A third misunderstanding is of the kind of evaluation inherent to all developmental models. Shaules states that “the lower stages (of the DMIS) are seen as less desirable stages of intercultural sensitivity,” as opposed to his deep culture model that “assumes that all reactions to adaptive demands…are normal parts of the intercultural process” (p. 129). Actually, like other developmental models, the DMIS is describing “normal” behavior at any point on the continuum. But for a model to be developmental, there needs to be movement from some earlier point where expertise (in this case, intercultural sensitivity) is less developed to a later point where the expertise is more developed. Less expertise is indeed “less desireable” in a context demanding greater expertise. This is what William Perry termed “contextual relativism,” a relatively advanced ethical position in his scheme, the understanding of which is central to criticizing developmental models (1998).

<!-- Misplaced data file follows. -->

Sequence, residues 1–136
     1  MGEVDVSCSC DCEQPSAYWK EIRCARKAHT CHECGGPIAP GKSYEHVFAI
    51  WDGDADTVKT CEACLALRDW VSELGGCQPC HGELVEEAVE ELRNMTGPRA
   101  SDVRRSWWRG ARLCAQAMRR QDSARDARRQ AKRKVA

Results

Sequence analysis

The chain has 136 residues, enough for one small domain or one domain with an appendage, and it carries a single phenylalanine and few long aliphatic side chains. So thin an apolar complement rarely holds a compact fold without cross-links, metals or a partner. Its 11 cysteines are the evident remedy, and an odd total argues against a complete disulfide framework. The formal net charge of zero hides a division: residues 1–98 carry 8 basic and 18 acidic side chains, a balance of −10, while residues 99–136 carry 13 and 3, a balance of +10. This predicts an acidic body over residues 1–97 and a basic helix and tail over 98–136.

Overall, in the context of intercultural scholarship, Deep Culture is overreaching for originality. The modification of the DMIS model rests on substantial misunderstandings of both development and constructivism, perhaps fueled by the need to justify a “new” model. The greater strength of the book is for language teachers, as it shows how intercultural communication concepts can add depth to the intercultural learning aspects of language education.


References


Bennett, M. J. (1986). A developmental approach to training intercultural sensitivity. In J. Martin (Guest Ed.), Special Issue on Intercultural Training, International Journal of Intercultural Relations. 10(2), 179-186.

Bennett, M. J. (1993). Towards ethnorelativism: A developmental model of intercultural sensitivity (revised). In R. M. Paige (Ed.), Education for the Intercultural Experience.  Yarmouth, ME: Intercultural Press.

Bennett, M. J. (2004). Becoming interculturally competent. In J.S. Wurzel (Ed.), Toward multiculturalism: A reader in multicultural education. Newton, MA: Intercultural Resource Corporation.